Indirect emissions, relating to an organisation’s supply chain (also known as “scope 3 emissions”), are generally the primary source of emissions for law firms and many other organisations that are providing a service rather than creating a product. Scope 3 emissions include those associated with business travel, purchased goods and services (including catering, IT, stationery and furniture), and investments.

These can be harder to identify, quantify and mitigate against. You may wish to consider:

Carefully selecting suppliers

Where possible, use suppliers and service providers who are committed to reducing their environmental footprint and align with your business values. This may include in relation to office space and operations; equipment; insurance and financial services; marketing and design services. It is worth carrying out proper due diligence before onboarding a supplier, to make sure climate impact is at the forefront of their operations. For example, the Society’s Guide to IT Procurement includes questions you could ask suppliers when purchasing IT goods and services.

Creating a travel policy

Introducing a travel policy which promotes active travel and use of public transport where possible.

Being climate-conscious in drafting and agreeing contracts

Being climate-conscious in drafting and agreeing contracts which are part of your own supply chain. The Chancery Lane Project offers open source climate clauses that you can build into your drafting. You’ll find more information on the Chancery Lane Project in our Supporting your clients section. 

Reviewing staff benefits

Review the environmental impacts and risks of staff benefits, including pensions.

Employee engagement plays an important role in supporting an organisation to achieve its sustainability objectives. Employees who feel engaged and empowered are more likely to be committed to an organisation’s goals. However, you should also be mindful that implementing any new policy or objective is an organisational change. Change can be stressful for staff and should be considered in a risk management context. 

Some strategies to support employee engagement include:

Communication and education

Clearly communicate your firm or organisation’s sustainability goals and why they matter. Ensure colleagues understand how they can contribute, for example by raising awareness of energy use, its implications and the difference staff can make by implementing behavioural changes.

Lead by example

Ensure that your senior leadership demonstrates a commitment to sustainability, by actively participating in sustainable practices and championing any initiatives you introduce.

Create “green champions”

Business Energy Scotland offers a range of free online modules which promote the benefits of resource efficiency and will support interested colleagues to become champions of your sustainability goals.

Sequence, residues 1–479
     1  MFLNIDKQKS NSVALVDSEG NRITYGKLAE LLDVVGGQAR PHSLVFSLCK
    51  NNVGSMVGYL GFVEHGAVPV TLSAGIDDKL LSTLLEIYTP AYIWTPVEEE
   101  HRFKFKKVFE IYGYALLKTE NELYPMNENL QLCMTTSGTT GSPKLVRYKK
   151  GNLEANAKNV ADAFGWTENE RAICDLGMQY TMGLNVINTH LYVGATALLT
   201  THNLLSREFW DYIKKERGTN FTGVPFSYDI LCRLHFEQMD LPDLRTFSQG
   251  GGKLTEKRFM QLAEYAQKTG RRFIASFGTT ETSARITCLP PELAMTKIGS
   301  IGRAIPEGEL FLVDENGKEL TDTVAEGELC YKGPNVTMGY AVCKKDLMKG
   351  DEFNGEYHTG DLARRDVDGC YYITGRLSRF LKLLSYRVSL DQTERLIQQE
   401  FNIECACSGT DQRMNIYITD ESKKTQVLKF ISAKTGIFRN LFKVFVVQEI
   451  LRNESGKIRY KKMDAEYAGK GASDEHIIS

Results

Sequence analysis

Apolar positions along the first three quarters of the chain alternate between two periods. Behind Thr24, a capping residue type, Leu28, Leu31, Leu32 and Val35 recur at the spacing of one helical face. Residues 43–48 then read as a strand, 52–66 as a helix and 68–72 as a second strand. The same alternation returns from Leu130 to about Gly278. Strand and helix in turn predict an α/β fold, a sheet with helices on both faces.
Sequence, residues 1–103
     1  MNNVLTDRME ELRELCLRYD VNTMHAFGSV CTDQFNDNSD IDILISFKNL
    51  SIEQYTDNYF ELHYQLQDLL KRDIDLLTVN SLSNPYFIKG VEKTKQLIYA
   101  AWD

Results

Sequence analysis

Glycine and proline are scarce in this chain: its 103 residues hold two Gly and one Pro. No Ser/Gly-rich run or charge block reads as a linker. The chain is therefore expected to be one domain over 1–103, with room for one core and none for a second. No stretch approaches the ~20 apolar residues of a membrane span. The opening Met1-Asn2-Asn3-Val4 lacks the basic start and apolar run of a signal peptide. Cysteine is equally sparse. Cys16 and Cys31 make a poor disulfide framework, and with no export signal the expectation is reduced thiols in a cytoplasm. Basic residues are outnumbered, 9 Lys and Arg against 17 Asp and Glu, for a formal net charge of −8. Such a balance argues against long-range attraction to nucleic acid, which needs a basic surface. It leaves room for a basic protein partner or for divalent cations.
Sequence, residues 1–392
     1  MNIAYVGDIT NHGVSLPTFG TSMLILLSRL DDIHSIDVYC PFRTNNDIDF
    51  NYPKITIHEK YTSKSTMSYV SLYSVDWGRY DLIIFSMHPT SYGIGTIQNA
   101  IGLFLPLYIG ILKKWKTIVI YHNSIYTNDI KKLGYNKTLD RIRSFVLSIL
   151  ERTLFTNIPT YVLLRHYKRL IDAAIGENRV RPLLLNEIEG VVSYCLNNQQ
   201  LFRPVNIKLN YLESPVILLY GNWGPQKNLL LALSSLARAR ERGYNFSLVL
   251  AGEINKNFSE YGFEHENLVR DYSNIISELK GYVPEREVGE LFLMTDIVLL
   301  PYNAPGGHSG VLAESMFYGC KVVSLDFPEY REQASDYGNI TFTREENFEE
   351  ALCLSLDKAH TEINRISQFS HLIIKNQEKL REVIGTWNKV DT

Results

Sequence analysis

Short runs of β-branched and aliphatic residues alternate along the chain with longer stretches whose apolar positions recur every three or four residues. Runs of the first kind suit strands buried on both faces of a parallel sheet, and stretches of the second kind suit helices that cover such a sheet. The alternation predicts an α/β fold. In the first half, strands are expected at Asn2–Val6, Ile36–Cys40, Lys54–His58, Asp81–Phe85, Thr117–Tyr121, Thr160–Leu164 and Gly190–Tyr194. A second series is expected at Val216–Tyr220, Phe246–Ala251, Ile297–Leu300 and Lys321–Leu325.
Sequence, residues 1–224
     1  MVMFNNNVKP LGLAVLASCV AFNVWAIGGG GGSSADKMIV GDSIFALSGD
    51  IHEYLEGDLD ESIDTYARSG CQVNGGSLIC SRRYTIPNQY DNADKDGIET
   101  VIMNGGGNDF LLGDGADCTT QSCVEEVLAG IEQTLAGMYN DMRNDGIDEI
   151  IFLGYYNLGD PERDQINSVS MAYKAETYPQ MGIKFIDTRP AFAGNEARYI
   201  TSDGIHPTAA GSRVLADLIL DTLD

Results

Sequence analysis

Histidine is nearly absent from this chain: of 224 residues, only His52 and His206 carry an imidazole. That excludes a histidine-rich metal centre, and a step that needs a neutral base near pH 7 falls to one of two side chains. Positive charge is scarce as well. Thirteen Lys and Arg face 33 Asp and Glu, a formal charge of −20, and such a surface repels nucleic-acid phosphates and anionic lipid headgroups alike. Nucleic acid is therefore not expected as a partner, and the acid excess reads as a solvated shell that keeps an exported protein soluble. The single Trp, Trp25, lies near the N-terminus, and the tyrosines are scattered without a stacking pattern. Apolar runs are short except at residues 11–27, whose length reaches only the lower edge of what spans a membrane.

Engage in sustainability challenges

Some organisations create friendly competitions designed to promote sustainable practices, such as a waste reduction or an active travel challenge.

Help colleagues save energy at home

Home Energy Scotland provides a free and interactive employee engagement service, giving you access to workshops, e-learning and other content to share with your colleagues.

Relevant resources

The Carbon Trust has produced a guide specifically around engaging staff in making the workplace more energy efficient.

Having made a commitment to reduce your firm or organisation’s carbon footprint and taken steps towards establishing achievable climate related goals, you may wish to openly discuss your progress.

Client demand for climate conscious legal practice may influence how law firms win and retain business. For in-house teams, environmentally-conscious customers or service users may be increasingly choosing products and services that align with their climate goals and values.

Additionally, your firm’s or team’s ability to attract and retain employees may be influenced by its approach to climate change.

However, firms and organisations must be careful not to mischaracterise or overstate climate-related targets or progress. This has the potential to leave your organisation open to accusations of greenwashing, in breach of the Competition & Markets Authority’s Guidance on Environmental Claims (Green Claims Code) and/or the Society’s own practice rules on advertising and promotion.

There are a number of additional key drivers for taking action, including:

  • Clients, customers and stakeholders are increasingly demanding to know how the businesses they procure services and products from are responding to the climate crisis. As a result, organisations are beginning to recognise commercial opportunities in leading the transition to net zero and the cost of failing to act.

  • Employees are increasingly attracted to organisations that can demonstrate they are aligned with their own personal values, including in relation to global issues such as climate change.

  • Regulatory changes which may require many companies with a larger footprint to comply with certain supply chain standards, for example the European Corporate Sustainability Due Diligence Directive.